This is a crochet pattern review of the Chunky Cat Ear Beanie by Sarah of MidMichiganMade. Reviewed by Carrie of Mountain Momma Crochet for Cre8tion Crochet.
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Carrie from Mountain Momma Crochet here! I appreciate you coming to check out my assessment of this super easy beanie made with bulky yarn.
Sometimes you just want to make a beanie without the time-consuming brim.
This crochet beanie by Sarah at Mid Michigan Made fits the bill when looking for a quick make. Add in the use of bulky yarn and there’s instant gratification in seeing it work up in no time. I dabble in testing patterns and met Sarah a couple of years ago through social media. The Chunky Cat Ear Beanie was the latest item I’ve tested for her and I was not disappointed. Reading the name might suggest you’d have to make or attach ears of some sort in order to complete the beanie. Wrong. This beanie is constructed in one piece and sewn together once you meet the length for the size.
The brim of the beanie is made at the end. In order to check the gauge, there are details for both the width and length to keep you on point for the sizes in the pattern. The instructions include directions for baby, toddler, child/tween, and teen/adult. Any good hooker knows that a measuring tape is a vital part of our arsenal and a definite trick of the trade. You’ll want to use this when making this beanie.
What Supplies Do I Need to Make the Chunky Cat Ear Beanie?
- Bulky #5 Yarn – I Love This Chunky (Sandstone #123 used for completed project), Charisma Tweed Yarn by Loops & Threads (Black, Taupe, and Burgundy pictured)
- Size K10.5/6.5mm Crochet Hook
- Needle for weaving in ends – large eye needed for bulky yarn
- Measuring tape for gauge
- Chunky Cat Ear Beanie, Paid Crochet Pattern by MidMichiganMade via Etsy
I Love This Chunky contains 109 yards and is around 3.5 oz./100 g. Charisma Tweed has 93 yards and is around 3 oz./85 g. This would be enough yarn to make the baby beanie. For any other size, you will need to purchase two in order to have enough yarn to complete your project.
Either of these yarn options is soft and plush. The ILT Chunky is more of a variegated yarn and the Charisma is true to the tweed line with flecks of color throughout. Other lines of yarn in the bulky or super bulky weight could be used. Referring to the gauge and using the tape measure will help use any yarn in your existing stash.
How Long Does it Take to Make the Chunky Cat Ear Beanie?
The amount of time to make the beanie depends on your familiarity with the stitches in the pattern. You may need to refer to YouTube in order to understand how to complete the Foundation Half Double Crochet (FHDC). This stitch is far less complicated than it sounds. Once you learn how to complete this stitch, you may want to check out other options like Foundation Single Crochet (FSC) and Foundation Double Crochet (FDC). If familiar with the stitches, this make should not take any longer than two hours for an adult-size beanie. Remember, it’s bulky yarn so you are going to see results fast. I think the two-hour assessment is more than generous. Feel free to time yourself and add a comment on the article – I’d love to hear all about your ‘fingers of fury’!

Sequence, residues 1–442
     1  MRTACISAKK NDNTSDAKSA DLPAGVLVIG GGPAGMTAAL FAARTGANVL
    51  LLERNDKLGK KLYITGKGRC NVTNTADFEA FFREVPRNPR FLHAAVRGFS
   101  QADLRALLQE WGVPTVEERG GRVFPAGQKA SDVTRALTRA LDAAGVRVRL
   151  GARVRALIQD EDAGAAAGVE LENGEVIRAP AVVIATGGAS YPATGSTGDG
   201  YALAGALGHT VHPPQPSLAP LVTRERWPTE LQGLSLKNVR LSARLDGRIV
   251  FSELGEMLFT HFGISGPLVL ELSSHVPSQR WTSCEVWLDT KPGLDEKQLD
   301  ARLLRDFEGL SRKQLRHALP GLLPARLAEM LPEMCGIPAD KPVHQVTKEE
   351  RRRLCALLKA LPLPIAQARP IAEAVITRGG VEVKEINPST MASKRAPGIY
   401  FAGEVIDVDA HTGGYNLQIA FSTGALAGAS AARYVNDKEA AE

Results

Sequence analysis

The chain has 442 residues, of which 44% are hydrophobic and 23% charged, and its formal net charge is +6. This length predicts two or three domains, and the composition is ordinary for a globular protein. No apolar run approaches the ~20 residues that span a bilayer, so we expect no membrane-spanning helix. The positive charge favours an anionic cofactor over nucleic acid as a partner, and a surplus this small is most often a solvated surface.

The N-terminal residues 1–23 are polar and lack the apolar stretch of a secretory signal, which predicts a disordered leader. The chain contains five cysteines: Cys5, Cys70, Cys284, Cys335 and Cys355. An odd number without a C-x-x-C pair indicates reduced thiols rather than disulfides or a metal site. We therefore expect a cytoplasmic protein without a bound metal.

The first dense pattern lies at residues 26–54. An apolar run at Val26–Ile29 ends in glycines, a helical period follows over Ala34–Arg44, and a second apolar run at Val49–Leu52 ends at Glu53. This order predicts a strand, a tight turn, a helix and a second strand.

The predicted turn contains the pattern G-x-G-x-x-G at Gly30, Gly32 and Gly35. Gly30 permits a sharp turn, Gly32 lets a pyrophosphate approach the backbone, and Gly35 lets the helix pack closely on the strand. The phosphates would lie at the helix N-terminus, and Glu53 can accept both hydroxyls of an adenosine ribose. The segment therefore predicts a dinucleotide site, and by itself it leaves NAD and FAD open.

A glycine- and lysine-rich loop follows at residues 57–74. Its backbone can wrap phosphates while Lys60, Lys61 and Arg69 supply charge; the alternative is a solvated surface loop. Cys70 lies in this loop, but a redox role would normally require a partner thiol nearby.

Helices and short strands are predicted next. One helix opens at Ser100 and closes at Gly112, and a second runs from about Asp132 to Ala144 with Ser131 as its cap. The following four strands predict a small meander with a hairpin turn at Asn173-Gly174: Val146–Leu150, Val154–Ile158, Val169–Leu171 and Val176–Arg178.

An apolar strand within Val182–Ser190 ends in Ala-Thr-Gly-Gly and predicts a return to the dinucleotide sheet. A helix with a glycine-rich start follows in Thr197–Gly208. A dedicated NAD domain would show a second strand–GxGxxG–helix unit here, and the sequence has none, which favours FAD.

The gauge itself is mentioned in inches for both the width and length. Bonus points on this pattern as it mentions the appropriate measurements with AND without the band! My measurements were a little off but that is not uncommon for me. My starting stitches were a couple less than the pattern quoted. This is another perk about this pattern, it is very forgiving and takes into account that we do not all crochet the same, and nor do we have the same tensions.
The yarn pictured to show texture is Lion Brand Yarns Wool Ease – Thick & Quick in Hudson Bay – this yarn could also be used as it is Super Bulky weight (6), just use your tape measure!
Special stitches or instructions to understand:
- Half Double Crochet (HDC)
- Back Loop – stitch is completed in the back loop only
- Slip Stitch (SS or SL ST)
- Foundation Half Double Crochet (FDHC)
- Whip Stitch
The pattern starts out with the FHDC. This will curve at first but flattens out as you complete additional rows. Starting with this method is great for when you need added flexibility. Working in the back loop gives the make a super nice texture and ribbing, which is complemented by the use of the bulky yarn. The instructions for making the brim are easy to follow and includes a completed stitch count as you will be working on the ‘rough’ side of the stitches which are around the sides and edges of the rectangle created to obtain the appropriate width and length.
We all know, at times, there are small things about a pattern that we might change. My personal preference has always been to HDC in the first and last stitch, versus HDC in the back loop all the way across the row. That is just me. I feel like this make would still appear neat no matter the approach used on the first and last stitch of the row.
The beanie is formed by the rectangle and when placed on the head will make natural points to form the ears. The pattern also gives instructions on how to add stitching in a specific placement to force the shape of the ear. I have not tried this option, but again, another bonus point for this pattern! If you are looking for a quick gift or market make, definitely give this one a try. If you want to get really playful, add whiskers, eyes, and a nose.
I’d like to thank Cre8tion Crochet for the opportunity to reach out to a larger audience and for the experience of getting to place some thoughts onto digital paper.
Carrie of Mountain Momma Crochet
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